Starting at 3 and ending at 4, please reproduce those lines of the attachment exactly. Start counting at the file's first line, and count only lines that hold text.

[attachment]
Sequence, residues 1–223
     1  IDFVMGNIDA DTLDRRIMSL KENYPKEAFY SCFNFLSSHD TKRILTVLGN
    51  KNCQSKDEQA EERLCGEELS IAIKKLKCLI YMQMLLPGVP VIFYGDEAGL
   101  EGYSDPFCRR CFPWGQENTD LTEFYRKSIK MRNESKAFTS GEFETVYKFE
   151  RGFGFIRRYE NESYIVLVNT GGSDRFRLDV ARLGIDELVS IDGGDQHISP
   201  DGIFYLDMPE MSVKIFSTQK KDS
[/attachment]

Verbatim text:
    51  KNCQSKDEQA EERLCGEELS IAIKKLKCLI YMQMLLPGVP VIFYGDEAGL
   101  EGYSDPFCRR CFPWGQENTD LTEFYRKSIK MRNESKAFTS GEFETVYKFE